That covers a lot of the details about Kira's launch in November and our launch party in December. We should have one more Question and Answer blog post before launch, so if we didn't get to your question this time, hopefully we can answer things the next time around. Check back early and often for all your Kira information!
I wanted to put up a quick post this week to keep everyone in the loop regarding Kira, the Rainbow Princess.
A lot of people have been asking about Kira's launch date -- especially because they're starting to think ahead to Christmas and the idea that Kira might make a nice present for a middle-grade (3rd -8th?) child.
Unfortunately, as of today, I still can't commit to a definite launch date for Kira. There are a couple of reasons for this. One of the things I've discovered about being a self-published writer, is that it's a lot like juggling. You throw multiple balls up into the air and then you try to keep the faith that those various projects will land as you expected. So how does that relate to Kira?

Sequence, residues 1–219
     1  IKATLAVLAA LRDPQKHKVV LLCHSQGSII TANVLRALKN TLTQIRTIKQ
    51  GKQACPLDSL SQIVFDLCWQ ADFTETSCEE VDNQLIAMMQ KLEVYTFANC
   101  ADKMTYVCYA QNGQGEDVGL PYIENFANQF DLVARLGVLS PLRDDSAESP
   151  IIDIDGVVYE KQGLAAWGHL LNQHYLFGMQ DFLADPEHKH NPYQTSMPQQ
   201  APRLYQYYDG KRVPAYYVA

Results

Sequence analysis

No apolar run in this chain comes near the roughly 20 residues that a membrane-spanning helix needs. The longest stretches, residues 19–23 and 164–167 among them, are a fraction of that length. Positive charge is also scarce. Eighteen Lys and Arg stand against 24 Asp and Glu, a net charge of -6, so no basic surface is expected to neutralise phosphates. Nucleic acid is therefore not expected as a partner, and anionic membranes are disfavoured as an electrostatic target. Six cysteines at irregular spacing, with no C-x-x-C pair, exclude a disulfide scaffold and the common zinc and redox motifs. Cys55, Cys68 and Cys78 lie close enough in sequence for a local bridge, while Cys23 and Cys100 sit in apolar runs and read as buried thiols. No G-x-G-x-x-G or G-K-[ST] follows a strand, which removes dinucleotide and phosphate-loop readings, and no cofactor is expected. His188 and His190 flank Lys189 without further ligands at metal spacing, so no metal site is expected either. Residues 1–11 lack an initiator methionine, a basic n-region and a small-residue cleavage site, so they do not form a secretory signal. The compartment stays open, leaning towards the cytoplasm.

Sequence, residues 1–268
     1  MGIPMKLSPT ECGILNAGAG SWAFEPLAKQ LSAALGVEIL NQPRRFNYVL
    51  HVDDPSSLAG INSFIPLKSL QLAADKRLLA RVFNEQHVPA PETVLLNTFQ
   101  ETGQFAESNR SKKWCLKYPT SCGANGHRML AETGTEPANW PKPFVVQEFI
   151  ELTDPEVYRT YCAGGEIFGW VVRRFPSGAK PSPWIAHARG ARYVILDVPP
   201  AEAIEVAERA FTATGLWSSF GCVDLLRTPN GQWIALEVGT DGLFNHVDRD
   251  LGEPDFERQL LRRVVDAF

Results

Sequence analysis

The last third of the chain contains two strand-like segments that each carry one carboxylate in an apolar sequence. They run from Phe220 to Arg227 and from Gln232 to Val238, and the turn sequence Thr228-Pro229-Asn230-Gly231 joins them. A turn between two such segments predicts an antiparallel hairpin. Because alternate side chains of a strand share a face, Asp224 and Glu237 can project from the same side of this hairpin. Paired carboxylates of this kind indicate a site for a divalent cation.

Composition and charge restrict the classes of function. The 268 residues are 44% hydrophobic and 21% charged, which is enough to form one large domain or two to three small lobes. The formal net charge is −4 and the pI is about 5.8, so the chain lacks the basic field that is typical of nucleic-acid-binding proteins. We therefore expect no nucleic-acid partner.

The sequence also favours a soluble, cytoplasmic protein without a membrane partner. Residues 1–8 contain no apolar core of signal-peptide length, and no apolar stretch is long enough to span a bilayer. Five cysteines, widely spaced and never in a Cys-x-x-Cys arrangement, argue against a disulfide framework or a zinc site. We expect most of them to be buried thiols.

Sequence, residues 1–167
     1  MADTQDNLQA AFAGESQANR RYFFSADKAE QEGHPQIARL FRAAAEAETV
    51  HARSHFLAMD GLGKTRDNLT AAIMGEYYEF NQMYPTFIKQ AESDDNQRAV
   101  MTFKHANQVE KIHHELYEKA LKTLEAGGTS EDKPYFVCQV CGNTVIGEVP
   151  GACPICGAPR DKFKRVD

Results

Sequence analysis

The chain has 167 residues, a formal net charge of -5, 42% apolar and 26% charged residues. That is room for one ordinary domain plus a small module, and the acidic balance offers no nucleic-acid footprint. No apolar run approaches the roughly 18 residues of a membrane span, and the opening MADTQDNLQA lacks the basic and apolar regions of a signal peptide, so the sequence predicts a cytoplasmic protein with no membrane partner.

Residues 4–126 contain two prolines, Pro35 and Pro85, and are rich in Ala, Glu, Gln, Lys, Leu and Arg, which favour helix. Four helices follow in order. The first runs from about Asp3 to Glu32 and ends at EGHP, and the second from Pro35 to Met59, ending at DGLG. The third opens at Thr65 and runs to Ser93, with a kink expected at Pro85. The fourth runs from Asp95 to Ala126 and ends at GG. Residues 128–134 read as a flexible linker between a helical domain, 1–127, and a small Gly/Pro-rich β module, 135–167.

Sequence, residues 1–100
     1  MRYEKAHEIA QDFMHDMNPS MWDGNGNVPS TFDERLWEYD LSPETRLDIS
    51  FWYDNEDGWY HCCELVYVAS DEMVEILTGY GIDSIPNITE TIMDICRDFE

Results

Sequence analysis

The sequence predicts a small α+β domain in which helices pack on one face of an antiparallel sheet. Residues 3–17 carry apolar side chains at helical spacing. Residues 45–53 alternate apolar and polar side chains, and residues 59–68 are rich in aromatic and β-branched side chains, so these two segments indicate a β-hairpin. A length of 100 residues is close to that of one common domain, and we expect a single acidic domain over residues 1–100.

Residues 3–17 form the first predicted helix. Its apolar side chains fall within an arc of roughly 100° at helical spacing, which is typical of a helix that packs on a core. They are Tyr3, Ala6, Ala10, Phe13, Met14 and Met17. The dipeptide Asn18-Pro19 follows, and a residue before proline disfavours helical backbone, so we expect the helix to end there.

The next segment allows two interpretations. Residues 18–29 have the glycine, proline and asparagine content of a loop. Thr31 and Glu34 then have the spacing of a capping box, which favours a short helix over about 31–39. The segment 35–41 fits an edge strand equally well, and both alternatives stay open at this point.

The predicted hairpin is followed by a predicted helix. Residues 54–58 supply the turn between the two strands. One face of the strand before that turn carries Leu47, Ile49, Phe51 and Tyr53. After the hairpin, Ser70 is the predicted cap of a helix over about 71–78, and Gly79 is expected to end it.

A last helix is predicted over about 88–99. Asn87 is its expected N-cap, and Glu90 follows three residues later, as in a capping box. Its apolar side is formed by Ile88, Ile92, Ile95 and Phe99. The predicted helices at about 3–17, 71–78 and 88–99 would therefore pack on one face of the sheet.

Next week, I will send Kira, the Rainbow Princess to my editor, Liam Carnahan at Invisible Ink Editing. I cannot say (with any certainty) how long it will stay with Liam before he sends the revisions back to me. My best guess is 4-6 weeks, but honestly, who knows? Once I get the edited version of Kira back in my possession I'll be able to lock in a definite launch date.
The Good News is that (if everything goes according to plan) Kira should be available on Thanksgiving Weekend . . . making it the perfect literary present for any of your middle-grade friends and family!!!